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PLOS BLOGS Speaking of Medicine and Health

Africa’s Lowest Cost AIDS Prevention Strategy?

A new paper from PLOS NTDs suggests mass drug administration (MDA) for schistosomiasis represents a highly cost-effective and even cost-saving approach for reducing HIV transmission in Africa.

The map shows in red the countries assisted by SCI from 2010-2016
Figure 1. The map shows in red the countries assisted by SCI from 2010-2016

Over the years I have written a lot (and beaten the drum pretty hard) about the importance of female genital schistosomiasis (FGS), its devastating effects on young women, and its key role in promoting HIV/AIDS transmission in Africa.  FGS occurs when the eggs of Schistosoma haematobium are deposited in the uterus, cervix, and vagina of girls and women living in the major affected areas located in southeastern Africa and Francophone West Africa and Nigeria. A number of clinical studies have documented how the trapped eggs and resulting granulomas cause pain and contact bleeding, and ultimately shame, marital discord, and even depression. Two independent epidemiological studies (led by groups from Oslo and Weil Cornell Medical College) have linked FGS to multifold increases in acquiring HIV. While the exact mechanism for this is still unclear, presumably the schistosome eggs and granulomas produce sufficient ulceration and bleeding to facilitate virus entry leading to HIV infection.

FGS is by no means rare and in a recent Speaking of Medicine post I estimated that between 20 and 150 million African girls and women suffer from this condition. I also argued that FGS may be the most common gynecologic condition in Sub-Saharan Africa, which few are willing to talk or write about.

The very good news is that FGS could potentially be prevented if we reach girls and treat them early enough in life with praziquantel. In Africa praziquantel is typically administered through annual MDA campaigns conducted by African health ministries, with logistical and technical assistance from the London-based Schistosomiasis Control Initiative (SCI) now operating in about a dozen African countries (Fig. 1) (although other organizations, including RTI International, FHI 360, HKI and Carter Center, are also involved in Africa), together with the World Health Organization and its Regional Office for Africa (AFRO). USAID, DFID-UKAID, and a private END (Ending Neglected Disease Fund) provide important financial support for these activities, with advocacy from a Global Network for NTDs.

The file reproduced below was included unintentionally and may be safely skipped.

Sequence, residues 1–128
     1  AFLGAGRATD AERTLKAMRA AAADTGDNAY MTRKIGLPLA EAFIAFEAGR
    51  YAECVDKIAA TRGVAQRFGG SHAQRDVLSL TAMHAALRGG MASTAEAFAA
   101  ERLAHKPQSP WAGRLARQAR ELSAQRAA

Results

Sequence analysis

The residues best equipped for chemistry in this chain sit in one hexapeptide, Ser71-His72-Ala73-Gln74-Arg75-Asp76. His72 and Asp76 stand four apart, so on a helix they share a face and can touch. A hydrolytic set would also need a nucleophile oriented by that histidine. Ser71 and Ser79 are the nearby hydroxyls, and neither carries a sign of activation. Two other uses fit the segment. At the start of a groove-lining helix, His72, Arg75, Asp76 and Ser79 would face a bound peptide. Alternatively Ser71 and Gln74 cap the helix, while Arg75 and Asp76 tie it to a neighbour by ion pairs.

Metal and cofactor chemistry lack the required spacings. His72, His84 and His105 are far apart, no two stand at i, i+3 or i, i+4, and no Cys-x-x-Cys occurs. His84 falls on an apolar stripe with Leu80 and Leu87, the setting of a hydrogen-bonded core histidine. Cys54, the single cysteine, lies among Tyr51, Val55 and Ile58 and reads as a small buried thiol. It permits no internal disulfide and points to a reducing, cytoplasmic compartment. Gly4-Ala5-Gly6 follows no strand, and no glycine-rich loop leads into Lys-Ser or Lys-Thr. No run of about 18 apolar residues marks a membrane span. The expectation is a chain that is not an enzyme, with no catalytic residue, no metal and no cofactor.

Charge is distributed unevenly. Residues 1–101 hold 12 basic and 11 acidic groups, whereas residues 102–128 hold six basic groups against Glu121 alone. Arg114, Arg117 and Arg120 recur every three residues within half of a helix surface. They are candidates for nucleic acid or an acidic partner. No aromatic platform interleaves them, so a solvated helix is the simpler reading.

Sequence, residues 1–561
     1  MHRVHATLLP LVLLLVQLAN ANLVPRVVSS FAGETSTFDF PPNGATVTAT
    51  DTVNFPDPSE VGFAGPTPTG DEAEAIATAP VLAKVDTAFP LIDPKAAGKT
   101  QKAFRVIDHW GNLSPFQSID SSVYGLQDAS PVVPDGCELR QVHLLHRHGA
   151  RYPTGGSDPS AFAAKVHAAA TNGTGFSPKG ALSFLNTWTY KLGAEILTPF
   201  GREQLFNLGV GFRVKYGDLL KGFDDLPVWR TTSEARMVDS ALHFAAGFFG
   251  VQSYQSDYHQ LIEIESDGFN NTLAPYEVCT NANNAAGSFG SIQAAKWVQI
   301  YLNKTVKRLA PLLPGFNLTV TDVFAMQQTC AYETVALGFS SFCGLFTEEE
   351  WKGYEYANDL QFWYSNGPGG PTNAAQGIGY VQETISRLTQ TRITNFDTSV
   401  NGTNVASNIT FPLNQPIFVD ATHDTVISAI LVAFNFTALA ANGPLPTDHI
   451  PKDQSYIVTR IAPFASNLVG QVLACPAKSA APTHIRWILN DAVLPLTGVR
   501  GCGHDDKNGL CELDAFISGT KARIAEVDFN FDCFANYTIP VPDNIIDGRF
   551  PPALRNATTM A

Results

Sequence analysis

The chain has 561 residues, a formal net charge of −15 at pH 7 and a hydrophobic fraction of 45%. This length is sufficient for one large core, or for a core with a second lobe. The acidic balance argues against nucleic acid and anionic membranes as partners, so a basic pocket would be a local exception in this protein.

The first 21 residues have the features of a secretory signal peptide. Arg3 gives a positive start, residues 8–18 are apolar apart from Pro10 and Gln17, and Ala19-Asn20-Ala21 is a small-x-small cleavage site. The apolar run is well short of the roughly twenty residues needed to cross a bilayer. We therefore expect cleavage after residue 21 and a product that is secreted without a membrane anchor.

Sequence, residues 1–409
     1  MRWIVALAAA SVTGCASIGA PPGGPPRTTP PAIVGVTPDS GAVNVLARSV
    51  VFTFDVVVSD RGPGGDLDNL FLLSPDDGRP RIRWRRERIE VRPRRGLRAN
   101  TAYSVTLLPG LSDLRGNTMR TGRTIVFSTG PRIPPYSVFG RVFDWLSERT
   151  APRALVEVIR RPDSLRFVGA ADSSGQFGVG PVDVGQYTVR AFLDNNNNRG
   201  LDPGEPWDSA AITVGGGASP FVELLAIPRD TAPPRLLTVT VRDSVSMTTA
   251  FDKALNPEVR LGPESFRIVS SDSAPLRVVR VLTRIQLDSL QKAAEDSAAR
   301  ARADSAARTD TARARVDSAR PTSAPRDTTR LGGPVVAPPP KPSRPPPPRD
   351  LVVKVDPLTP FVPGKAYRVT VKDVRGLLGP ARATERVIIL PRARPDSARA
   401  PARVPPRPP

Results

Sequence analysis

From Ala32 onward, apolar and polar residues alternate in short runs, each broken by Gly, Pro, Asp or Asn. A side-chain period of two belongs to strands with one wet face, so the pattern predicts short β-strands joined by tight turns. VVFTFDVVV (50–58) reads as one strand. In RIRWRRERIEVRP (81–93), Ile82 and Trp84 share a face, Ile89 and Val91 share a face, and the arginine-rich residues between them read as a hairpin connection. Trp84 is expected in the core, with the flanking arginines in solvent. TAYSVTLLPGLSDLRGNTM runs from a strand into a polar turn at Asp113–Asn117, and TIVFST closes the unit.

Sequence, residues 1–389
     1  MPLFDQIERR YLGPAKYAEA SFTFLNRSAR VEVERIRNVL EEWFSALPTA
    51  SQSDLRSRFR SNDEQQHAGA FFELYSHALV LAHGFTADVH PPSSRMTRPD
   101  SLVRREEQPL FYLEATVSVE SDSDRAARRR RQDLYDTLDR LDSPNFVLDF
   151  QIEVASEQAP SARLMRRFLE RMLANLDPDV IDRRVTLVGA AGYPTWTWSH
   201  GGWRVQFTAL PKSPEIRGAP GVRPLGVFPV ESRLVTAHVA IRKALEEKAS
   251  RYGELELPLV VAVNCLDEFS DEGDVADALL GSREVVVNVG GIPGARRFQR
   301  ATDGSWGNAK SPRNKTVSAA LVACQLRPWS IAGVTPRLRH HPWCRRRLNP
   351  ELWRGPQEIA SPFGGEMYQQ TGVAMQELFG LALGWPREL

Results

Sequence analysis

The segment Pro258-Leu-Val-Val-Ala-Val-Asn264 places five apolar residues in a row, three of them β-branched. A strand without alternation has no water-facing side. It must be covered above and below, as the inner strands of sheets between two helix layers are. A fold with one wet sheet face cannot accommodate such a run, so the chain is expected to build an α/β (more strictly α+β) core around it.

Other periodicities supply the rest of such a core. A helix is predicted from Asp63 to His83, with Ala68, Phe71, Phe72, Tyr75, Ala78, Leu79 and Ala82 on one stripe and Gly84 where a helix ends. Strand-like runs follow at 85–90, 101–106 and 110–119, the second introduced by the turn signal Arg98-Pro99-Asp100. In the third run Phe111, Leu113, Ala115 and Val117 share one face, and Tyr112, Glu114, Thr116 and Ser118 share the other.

A critically important piece of information is that schistsomiasis MDA is ridiculously inexpensive because of generous praziquantel donations from Merck KGaA or (when there is insufficient drug being donated) it can be provided as an extremely low-cost generic (often averaging around 8 cents per tablet) from Shin Poong, MedPharm and other companies through UNICEF, WHO, and the World Bank.

Now a paper just out in PLOS Neglected Tropical Diseases gives us compelling reasons to recast schistosomiasis MDA as a back door AIDS prevention strategy. A group led by Yale University’s Martial L. Ndeffo Mbah and Alison Galvani focused on the nation of Zimbabwe to determine that by preventing HIV transmission schistosomiasis MDA targeting school-aged children would save up to US$100 million in AIDS healthcare costs in that country over a ten year period. Moreover, they determined that MDA for schistosomiasis is actually more cost-effective as an intervention to block HIV transmission than better known approaches such as male circumcision or the treatment of other sexually transmitted diseases. It is more cost-effective than antiretroviral therapy as a means to prevent new HIV infections.

Thus, in many respects organizations such as SCI and WHO together with African health ministries are actually leading low-cost HIV/AIDS prevention efforts in Africa and have been doing so for the last decade!

For me, a key take home message is that the major organizations committed to HIV/AIDS prevention in Africa, such as PEPFAR and the Global Fund to Fight AIDS, TB, and Malaria, as well as the ONE Campaign, must embrace schistosomiasis MDA and support its expansion throughout the affected areas of Africa in order to prevent or reduce the burden of FGS. In the meantime a few R&D groups, including our Sabin Vaccine Institute PDP, are also working to develop a schistosomiasis vaccine as an innovative biotechnology to potentially eliminate schistosomiasis from Africa and therefore prevent AIDS in southeastern and Francophone West Africa.

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